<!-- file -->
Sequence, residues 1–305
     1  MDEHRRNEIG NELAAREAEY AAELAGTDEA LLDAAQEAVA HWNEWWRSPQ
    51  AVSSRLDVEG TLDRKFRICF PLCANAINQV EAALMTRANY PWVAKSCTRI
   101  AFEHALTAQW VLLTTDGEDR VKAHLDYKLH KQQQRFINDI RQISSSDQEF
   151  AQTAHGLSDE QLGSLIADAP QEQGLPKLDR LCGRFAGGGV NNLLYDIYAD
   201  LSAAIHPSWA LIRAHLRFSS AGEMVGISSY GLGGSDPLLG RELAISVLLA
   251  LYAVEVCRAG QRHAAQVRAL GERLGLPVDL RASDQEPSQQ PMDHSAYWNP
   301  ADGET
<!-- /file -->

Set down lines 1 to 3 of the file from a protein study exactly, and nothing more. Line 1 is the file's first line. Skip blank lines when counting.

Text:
Sequence, residues 1–305
     1  MDEHRRNEIG NELAAREAEY AAELAGTDEA LLDAAQEAVA HWNEWWRSPQ
    51  AVSSRLDVEG TLDRKFRICF PLCANAINQV EAALMTRANY PWVAKSCTRI